HOW TO REPORT A FORM 1099-A ON YOUR TAX RETURN IF YOU’RE FACING FORECLOSURE FTR TAX TIP OF THE MONTH
FESTIVE APPLE CIDER
We’ve made it through the most tumultuous year in my lifetime, but COVID-19 will have long-term effects on people’s finances. This is especially true for small-business owners, who were forced to close their shops temporarily and limit the number of customers they could serve. I hate to say it, but foreclosures are coming. If you’re facing one, the transaction must be handled properly on your tax return. For most of my clients in this situation, the biggest hurdle is the Form 1099-A (Acquisition or Abandonment of Secured Property). I recently filed 2017 federal and state tax returns for a client whose home was foreclosed on by their lending institution that year. Around the same time, they also took a substantial distribution from their 401(k). The home foreclosure triggered the bank to send my client a Form 1099-A. This form can seem overwhelming, but reporting it is fairly simple if you know the right steps to take. There are two important numbers on a Form 1099-A that need to be reconciled properly on your tax return to determine if you’ll be taxed on the acquisition or abandonment of your property. These are Box 2 (Balance of Principal Outstanding) and Box 4 (Fair Market Value of Property). Typically, they will both contain dollar amounts and the number in Box 2 will be higher than the number in Box 4. If that’s the case on your form, then you’re considered “upside-down” on your mortgage in relation to the property’s fair market value. There’s also a third and even more important number, which isn’t shown on the form. That is your “Basis in the Property” — the original purchase price plus any improvements made to the property over the years. If the basis is higher than the amount in Box 2 (which is usually the case), then you don’t owe any tax on the transaction. In the rare circumstance that the basis is less than the amount in Box 2, then a further calculation is needed to determine how much tax you owe. If you receive a Form 1099-A this year and are unsure about whether you owe tax because of it (or if you have a loved one in this situation), call my office. I can help perform the necessary calculations and file your tax return correctly.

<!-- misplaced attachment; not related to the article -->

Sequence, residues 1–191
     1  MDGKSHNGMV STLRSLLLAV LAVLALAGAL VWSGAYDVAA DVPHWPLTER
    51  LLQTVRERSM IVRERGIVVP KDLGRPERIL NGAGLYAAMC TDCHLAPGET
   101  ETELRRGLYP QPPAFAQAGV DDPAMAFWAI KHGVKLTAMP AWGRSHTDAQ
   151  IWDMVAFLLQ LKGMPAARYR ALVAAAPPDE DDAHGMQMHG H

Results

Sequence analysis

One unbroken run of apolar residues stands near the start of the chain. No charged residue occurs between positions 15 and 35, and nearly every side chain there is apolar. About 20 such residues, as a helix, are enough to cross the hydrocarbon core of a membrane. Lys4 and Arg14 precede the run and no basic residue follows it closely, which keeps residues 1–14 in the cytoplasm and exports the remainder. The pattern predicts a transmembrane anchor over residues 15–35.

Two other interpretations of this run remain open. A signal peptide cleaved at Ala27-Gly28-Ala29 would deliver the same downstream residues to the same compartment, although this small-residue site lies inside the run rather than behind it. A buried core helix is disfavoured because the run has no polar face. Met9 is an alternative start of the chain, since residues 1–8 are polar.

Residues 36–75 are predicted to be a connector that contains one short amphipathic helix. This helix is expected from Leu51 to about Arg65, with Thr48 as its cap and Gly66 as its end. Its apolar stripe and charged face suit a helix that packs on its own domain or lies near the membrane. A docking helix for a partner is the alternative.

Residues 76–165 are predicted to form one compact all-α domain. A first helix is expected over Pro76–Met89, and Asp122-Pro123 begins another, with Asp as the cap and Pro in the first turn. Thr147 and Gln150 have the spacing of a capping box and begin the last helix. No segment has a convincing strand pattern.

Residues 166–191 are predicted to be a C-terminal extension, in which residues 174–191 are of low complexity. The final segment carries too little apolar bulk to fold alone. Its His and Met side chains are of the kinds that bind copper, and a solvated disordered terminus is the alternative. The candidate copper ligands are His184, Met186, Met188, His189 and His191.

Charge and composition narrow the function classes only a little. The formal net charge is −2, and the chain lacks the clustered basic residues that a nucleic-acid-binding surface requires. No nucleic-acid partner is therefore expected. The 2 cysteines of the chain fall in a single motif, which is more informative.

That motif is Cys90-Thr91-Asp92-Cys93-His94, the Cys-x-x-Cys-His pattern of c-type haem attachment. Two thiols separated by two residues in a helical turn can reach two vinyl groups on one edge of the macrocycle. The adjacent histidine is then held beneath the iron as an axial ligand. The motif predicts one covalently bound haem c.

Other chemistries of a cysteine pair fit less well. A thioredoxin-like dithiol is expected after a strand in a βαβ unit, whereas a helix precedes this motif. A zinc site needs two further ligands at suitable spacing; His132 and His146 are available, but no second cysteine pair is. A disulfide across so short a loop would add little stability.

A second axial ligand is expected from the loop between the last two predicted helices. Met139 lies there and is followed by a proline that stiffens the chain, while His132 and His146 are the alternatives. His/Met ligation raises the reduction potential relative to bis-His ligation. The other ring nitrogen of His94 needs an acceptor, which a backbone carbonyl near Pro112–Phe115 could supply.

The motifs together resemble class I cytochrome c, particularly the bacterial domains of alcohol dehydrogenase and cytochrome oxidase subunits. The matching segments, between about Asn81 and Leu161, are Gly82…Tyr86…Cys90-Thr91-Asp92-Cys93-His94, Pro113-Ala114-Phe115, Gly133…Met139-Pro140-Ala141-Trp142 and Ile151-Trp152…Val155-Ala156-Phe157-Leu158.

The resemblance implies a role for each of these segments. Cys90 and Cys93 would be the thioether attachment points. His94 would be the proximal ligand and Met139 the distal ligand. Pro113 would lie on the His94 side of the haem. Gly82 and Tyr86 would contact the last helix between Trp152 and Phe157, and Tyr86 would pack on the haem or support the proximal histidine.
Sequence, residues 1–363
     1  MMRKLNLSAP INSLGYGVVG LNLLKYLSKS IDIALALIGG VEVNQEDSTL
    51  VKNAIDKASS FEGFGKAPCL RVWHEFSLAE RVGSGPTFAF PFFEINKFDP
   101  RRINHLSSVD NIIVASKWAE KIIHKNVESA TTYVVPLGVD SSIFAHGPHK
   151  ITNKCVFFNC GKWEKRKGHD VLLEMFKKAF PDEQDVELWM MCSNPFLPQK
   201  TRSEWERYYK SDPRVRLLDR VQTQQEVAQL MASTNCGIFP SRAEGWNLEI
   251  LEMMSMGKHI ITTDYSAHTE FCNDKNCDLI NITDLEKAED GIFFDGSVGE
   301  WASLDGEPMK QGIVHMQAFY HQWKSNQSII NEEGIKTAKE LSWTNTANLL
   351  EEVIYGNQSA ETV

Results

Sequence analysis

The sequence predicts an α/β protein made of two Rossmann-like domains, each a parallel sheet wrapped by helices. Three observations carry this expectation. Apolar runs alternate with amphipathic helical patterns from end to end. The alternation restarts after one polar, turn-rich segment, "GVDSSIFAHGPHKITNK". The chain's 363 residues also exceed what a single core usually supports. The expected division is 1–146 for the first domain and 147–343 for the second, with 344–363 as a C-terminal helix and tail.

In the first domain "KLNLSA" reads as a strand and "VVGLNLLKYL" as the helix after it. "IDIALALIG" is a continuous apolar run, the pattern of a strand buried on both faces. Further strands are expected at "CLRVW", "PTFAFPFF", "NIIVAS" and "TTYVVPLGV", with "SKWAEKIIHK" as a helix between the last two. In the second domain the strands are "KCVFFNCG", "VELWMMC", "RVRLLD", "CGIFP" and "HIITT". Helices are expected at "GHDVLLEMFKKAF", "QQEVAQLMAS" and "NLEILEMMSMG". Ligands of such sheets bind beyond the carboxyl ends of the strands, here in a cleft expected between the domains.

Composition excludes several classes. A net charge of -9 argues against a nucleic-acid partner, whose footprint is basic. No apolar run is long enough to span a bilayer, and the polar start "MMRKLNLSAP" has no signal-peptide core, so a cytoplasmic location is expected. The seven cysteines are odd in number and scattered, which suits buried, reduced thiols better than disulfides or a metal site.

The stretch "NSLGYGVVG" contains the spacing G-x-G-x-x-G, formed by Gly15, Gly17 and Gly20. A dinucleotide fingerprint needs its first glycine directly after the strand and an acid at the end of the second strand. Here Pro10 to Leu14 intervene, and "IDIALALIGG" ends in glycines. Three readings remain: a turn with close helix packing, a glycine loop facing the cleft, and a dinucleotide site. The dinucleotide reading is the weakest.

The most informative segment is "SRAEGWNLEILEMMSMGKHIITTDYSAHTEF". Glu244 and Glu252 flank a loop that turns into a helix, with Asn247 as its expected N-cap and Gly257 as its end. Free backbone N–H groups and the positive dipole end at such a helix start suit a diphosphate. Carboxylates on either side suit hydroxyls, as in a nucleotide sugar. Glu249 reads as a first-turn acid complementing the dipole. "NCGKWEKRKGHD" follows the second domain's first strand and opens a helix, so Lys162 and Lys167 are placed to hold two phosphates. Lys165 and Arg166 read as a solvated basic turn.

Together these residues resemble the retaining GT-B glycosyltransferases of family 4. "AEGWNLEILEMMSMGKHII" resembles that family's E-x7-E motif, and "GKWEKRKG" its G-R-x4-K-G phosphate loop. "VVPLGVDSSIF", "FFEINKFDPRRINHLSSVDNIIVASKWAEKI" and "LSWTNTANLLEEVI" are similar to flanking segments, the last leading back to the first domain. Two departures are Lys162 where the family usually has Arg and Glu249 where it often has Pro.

Inspired by BoulderLocavore.com
If you’re cutting back on calories, skip the eggnog and buttered rum this year and fill up your mug with this delicious mulled cider!
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2 tsp allspice berries
1 gallon pure apple cider
1 inch fresh ginger, thinly sliced
1 large orange, thinly sliced crosswise
2 tbsp honey
3 cinnamon sticks
2 tsp whole cloves
1. Using a paring knife, shave the lemon peel off in curls. Reserve the curls and save the lemon for use in a different recipe.
2. In a large slow cooker, combine the lemon peel with all other ingredients. Cook on low for 3–4 hours.
3. If desired, use a sieve to strain the spices. Serve and enjoy!
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